Area Bail Agents

The Covid 19 Pandemic and Crime

In Louisville, Kentucky, a mayoral candidate, Craig Greenberg, was getting ready for an important campaign meeting at his headquarters location when someone fired a gun. This took place in mid-February on a Monday morning. The bullet barely missed him, grazing his shirt.

After the shooting occurred, Greenberg spoke at a press conference explaining what exactly happened. He said, “A man walked into our office. When we greeted him, he pulled out a gun, aimed directly at me, and began shooting.” The mayoral candidate admitted that it was a terrifying moment, but he is glad to be fine.

Although this was a very scary and shocking moment that occurred in Louisville, it is important to realize that this is only one event showing the increase in crime across the entire United States. In fact, when analyzing the crime in the major cities, you will notice a tremendous uptick in violent crimes as the pandemic continues. Below, I will elaborate further on a few of the largest cities in America that are experiencing alarming increases in crime waves.

New York City: 

According to data from the police in the largest city in the U.S., in the year 2021, there were 350 rapes, felony assaults, and murders from February 7th to February 13th. The same exact week in 2022 shows 474 of these same types of incidents.


Chicago is always in the news for its crime, so it seemed very appropriate to include it in this list. According to police data, the crime in Chicago is only getting worse. For the first two months of 2022, the crime has increased by 7 percent. That may not seem like a large number, but when you look at the first two months of 2019, before the pandemic, crime has increased in Chicago by 100 percent.

Los Angeles:

With the head of the Los Angeles Police Department warning a couple months ago to not visit because they cannot guarantee your safety, I knew that crime had to be increasing in this city. When looking at the data from the Los Angeles Police Department, 2022 has seen a 4-percent increase in the first couple of months compared to early 2020, before the pandemic began.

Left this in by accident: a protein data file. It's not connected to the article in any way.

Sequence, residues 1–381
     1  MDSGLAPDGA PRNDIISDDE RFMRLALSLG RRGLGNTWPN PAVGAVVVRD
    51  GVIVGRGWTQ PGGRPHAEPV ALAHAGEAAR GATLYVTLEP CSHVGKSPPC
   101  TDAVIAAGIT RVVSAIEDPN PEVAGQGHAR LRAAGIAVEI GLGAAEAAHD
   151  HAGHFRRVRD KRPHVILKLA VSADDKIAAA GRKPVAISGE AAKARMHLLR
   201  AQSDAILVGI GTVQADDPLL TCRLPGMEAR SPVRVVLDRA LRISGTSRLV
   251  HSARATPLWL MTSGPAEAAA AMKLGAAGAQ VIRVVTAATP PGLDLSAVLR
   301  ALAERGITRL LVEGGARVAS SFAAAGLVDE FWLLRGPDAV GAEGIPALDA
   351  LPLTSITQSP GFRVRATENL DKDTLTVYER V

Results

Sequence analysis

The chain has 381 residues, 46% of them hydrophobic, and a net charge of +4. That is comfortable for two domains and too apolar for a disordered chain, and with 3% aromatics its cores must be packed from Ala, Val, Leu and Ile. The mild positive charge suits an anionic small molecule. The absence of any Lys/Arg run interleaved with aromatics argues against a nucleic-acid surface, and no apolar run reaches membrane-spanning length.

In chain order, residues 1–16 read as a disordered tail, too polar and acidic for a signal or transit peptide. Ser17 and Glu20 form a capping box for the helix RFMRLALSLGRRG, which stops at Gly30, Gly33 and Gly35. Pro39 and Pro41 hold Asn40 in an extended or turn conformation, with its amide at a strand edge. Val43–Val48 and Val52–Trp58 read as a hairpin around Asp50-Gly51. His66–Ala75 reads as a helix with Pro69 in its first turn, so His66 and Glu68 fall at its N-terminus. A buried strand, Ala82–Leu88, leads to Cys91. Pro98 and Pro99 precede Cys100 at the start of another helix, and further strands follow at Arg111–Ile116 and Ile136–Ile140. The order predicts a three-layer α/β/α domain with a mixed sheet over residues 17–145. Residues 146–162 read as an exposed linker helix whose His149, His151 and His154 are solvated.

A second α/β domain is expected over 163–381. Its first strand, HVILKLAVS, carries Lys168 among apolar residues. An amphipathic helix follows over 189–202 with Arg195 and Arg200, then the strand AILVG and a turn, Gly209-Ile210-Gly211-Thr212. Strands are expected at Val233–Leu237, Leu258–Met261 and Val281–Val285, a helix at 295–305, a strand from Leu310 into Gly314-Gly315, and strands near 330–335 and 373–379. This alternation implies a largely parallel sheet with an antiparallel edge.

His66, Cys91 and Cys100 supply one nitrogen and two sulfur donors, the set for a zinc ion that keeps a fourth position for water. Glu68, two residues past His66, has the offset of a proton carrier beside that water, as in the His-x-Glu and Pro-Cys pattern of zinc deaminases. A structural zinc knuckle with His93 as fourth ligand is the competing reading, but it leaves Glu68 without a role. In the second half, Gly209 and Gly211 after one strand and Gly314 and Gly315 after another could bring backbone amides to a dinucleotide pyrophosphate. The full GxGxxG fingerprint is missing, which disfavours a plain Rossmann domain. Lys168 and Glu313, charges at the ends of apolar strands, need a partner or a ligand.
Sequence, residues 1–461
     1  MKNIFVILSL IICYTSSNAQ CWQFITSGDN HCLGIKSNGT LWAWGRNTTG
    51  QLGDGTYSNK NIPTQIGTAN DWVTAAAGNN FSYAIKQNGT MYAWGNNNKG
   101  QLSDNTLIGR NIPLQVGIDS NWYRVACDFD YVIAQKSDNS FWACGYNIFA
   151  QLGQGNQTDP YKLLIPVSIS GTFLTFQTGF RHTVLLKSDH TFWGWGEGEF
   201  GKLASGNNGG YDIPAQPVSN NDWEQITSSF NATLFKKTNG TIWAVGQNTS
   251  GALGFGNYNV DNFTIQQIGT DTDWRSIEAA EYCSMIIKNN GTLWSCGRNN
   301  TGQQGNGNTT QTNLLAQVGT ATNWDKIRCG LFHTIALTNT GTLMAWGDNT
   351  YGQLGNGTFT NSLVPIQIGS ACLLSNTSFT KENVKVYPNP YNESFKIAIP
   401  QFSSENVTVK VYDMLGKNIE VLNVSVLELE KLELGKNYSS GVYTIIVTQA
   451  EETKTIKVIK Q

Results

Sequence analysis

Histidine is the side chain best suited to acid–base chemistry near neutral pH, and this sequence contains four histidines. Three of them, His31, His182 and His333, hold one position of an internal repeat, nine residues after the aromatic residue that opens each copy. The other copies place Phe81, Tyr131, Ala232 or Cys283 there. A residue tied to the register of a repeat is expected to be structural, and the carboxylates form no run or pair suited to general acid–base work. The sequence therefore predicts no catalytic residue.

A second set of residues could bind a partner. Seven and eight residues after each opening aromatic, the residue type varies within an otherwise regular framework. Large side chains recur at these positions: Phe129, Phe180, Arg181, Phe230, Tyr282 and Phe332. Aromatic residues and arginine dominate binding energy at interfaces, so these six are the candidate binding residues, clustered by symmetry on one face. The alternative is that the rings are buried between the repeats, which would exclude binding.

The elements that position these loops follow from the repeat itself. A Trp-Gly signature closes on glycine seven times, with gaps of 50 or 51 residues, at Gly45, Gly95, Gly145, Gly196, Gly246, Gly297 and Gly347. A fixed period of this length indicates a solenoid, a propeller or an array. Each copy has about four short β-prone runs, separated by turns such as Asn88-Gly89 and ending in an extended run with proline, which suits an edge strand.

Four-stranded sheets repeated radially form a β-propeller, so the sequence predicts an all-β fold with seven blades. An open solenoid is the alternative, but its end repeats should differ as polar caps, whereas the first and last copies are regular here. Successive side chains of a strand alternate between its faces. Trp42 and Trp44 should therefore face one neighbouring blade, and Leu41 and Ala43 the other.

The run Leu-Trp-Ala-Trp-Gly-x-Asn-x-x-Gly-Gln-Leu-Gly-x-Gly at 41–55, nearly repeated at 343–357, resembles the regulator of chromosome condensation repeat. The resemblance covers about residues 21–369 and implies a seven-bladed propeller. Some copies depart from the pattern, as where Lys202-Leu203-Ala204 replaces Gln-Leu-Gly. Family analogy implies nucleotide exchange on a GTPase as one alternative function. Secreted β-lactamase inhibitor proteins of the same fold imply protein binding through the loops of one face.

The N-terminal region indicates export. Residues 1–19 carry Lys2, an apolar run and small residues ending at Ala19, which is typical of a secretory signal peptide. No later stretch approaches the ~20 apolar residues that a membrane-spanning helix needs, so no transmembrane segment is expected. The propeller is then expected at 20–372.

As of February 15, 2022, the Houston Police Department reported 62 homicides. This number is a 32-percent increase compared to the same exact date in 2021. When comparing 2021 to 2020, the police department reported 476 murders in 2021 and 392 in 2020.

Howard Henderson, an individual who works for the Texas Southern University’s Center for Justice Research explained that even though these rising crime rates are hair-raising, “We still don’t know the impact of COVID-19 on violent crime – it’s going to take time.”

It is important to note that large cities are not the only ones seeing an uptick in crime. Rural areas are seeing rising crime trends as well. According to The New York Times, throughout the summer of 2021, smaller cities in Oklahoma, Florida, and Missouri experienced fatal shootings.

When there seems to be so much bad going on in the world, it is essential to still look for the brighter side of things. In this case, it is true that crime has continued to rise during the pandemic, but we are very lucky that it has not reached the levels that we saw across America in the 1980s and 1990s.

The data from the FBI shows that violent crime was at its worse in 1991, which was 758 violent crimes per 100,000 people. In 2001, the new numbers were 504 per 100,000 people, and, in 2011, it was 387 per 100,000 people. That is a significant decline.

The FBI currently only shows data through the year 2020. However, when analyzing the current data, you can see a small increase from 380 to 400. The CDC reported its data showing that the murders in the United States increased by 30 percent between 2019 – 2020. This is a big deal because it was the largest increase in a single year in over a century. As a matter of fact, the last time there was such a big increase was when the Twin Towers were attacked in 2001, which resulted in a 20-percent increase in crime reported.

A professional criminologist employed by Northeastern University, James Alan Fox, spoke out to The Associated Press, stating that the crime wave seen in 2020 was an unusual circumstance that he believes was caused by the pandemic. He said, “I don’t want to minimize what’s happened. I just don’t want people to believe that the sky is falling and that this is permanent.”

On the other hand, Robert Anderson, the chief of the mortality statistics at the National Center for Health Statistics, does not believe that we should blame the increasing crime on the pandemic. In fact, he urges people not to form a connection between the two. He said, “You really have to look at other patterns and there certainly seems to be a correlation between the two but as we know correlation is not causation.” All in all, he mentions that it is going to take a considerable amount of research before pinpointing the exact cause.